In 2014, the Government Accountability Office reported the federal government spent more than $3 billion on federal pay because of misuse of administrative leave between fiscal years 2011 to 2013. As a result, Senator Chuck Grassley (R-IA) conducted his own investigation into the use of administrative leave within 18 federal departments and agencies. Furthermore, Senator Grassley and Senator Jon Tester (D-MT) will introduce legislation calling for reforms to administrative leave and how it is used. The Federal Managers Association (FMA) worked with the Senators on this issue and is in support of common sense reforms.
Senator Grassley commented in his report, “Based on the explanations and evidence received in the course of this inquiry, agencies are able to place an employee on administrative leave simply to avoid addressing an uncomfortable—or potentially even unjustifiable—personnel action.” The legislation proposed would put clear definitions on how long an employee can be placed on administrative leave, promoting efficiency throughout the federal government.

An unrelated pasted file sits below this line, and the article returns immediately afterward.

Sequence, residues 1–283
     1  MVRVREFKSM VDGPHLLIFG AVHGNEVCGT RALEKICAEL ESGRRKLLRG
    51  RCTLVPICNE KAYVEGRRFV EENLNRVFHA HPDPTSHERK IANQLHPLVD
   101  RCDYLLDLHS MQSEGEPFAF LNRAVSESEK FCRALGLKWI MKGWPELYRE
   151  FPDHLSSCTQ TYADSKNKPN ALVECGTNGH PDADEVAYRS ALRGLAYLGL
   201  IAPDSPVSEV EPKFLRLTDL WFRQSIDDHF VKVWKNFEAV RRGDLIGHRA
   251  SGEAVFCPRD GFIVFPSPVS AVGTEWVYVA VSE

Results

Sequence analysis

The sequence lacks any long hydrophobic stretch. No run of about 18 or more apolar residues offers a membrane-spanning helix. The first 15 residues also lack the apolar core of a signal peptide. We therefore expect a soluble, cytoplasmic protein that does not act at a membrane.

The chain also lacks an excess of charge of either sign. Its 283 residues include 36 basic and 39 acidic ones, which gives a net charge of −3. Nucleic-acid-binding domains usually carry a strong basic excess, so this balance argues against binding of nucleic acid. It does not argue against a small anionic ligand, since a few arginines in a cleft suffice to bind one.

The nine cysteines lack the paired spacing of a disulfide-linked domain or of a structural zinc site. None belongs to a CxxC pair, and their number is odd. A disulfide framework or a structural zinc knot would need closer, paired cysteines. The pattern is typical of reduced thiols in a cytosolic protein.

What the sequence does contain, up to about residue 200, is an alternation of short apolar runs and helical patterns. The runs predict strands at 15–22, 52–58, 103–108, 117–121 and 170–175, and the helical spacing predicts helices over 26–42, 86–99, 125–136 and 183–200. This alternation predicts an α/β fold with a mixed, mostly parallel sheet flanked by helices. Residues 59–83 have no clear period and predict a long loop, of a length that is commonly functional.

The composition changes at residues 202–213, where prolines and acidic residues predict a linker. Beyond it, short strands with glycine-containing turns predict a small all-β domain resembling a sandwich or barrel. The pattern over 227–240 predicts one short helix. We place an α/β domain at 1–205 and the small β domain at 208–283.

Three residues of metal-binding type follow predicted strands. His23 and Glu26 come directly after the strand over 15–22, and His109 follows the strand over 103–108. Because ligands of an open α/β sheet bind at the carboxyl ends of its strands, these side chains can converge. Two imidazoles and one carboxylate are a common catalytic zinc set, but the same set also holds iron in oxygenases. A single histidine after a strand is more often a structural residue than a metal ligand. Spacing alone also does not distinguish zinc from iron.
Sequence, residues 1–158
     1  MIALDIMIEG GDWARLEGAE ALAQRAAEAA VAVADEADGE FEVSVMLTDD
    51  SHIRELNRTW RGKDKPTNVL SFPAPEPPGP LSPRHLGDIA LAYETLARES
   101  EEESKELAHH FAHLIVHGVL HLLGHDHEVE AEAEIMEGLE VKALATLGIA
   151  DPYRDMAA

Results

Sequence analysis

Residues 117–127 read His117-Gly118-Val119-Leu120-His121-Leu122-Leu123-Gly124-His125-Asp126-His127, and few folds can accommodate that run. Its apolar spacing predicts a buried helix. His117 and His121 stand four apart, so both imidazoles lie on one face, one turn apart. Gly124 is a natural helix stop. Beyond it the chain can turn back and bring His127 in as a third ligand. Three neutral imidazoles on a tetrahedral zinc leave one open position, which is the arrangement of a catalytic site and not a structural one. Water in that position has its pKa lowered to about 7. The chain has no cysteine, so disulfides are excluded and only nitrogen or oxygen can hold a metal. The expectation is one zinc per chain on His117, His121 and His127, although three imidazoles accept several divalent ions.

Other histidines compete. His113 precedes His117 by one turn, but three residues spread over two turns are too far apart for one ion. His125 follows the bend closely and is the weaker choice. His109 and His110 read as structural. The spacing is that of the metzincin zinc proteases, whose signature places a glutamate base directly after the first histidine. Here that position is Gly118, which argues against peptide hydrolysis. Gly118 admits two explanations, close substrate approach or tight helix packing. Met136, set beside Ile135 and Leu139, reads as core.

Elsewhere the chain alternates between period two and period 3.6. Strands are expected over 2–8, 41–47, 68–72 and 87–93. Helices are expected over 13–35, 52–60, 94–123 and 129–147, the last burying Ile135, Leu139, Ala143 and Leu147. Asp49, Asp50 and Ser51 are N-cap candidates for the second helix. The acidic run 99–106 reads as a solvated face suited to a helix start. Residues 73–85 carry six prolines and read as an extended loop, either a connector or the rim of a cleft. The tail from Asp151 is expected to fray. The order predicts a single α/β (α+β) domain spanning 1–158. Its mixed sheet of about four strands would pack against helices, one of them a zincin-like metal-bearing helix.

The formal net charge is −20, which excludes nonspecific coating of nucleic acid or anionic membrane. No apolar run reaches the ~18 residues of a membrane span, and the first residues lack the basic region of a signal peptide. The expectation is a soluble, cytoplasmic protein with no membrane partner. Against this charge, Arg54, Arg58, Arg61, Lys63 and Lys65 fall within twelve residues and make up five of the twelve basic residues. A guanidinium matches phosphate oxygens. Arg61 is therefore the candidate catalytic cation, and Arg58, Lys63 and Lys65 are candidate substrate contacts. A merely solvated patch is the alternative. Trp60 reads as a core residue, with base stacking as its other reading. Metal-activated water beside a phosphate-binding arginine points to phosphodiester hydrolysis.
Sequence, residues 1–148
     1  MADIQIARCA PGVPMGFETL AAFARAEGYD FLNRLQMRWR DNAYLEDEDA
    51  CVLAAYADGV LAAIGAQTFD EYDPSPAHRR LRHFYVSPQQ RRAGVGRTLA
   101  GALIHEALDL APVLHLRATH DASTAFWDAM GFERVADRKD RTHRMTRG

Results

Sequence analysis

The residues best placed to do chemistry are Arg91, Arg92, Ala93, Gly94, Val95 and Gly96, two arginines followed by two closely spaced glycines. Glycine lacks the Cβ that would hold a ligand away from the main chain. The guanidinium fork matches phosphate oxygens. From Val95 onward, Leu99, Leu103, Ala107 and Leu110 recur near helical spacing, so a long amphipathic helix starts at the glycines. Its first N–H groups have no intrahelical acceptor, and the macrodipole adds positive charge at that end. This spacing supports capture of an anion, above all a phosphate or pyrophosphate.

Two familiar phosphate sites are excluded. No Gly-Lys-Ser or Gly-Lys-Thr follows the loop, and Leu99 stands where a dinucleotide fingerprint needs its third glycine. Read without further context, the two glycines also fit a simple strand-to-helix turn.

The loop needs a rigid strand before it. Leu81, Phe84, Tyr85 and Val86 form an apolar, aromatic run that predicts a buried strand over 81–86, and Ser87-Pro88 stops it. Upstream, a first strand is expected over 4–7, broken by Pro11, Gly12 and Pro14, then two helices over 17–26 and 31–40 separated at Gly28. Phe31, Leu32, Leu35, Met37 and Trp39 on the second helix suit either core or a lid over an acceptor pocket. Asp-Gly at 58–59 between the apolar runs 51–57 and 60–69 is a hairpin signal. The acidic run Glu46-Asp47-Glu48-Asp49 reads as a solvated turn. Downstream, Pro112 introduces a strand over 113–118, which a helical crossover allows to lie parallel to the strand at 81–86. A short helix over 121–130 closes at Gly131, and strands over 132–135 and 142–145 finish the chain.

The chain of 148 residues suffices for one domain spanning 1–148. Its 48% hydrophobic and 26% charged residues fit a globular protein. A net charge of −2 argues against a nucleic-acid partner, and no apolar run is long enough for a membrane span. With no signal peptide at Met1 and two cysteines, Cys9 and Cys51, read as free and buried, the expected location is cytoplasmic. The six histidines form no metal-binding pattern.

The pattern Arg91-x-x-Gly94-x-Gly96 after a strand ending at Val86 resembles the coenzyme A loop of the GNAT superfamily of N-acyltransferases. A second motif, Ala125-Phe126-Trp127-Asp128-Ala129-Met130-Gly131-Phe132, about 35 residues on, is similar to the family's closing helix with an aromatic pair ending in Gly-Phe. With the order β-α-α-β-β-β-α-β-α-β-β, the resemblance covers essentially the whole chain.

In a letter to Senators Grassley and Tester, FMA offered support, commenting, “Managers need to be able to make a decision on an employee in a timely manner. By providing clear time lines and definitions for administrative leave through your legislation, managers can make better decisions for the workforce.” The Senate Homeland Security and Governmental Affairs Committee will markup the legislation on December 9, 2015.
For more information on Senator Grassley’s investigation, please visit, www.grassley.senate.gov. To read the entire letter from FMA, please visit the Legislative Action Center of the FMA website, www.fedmanagers.org.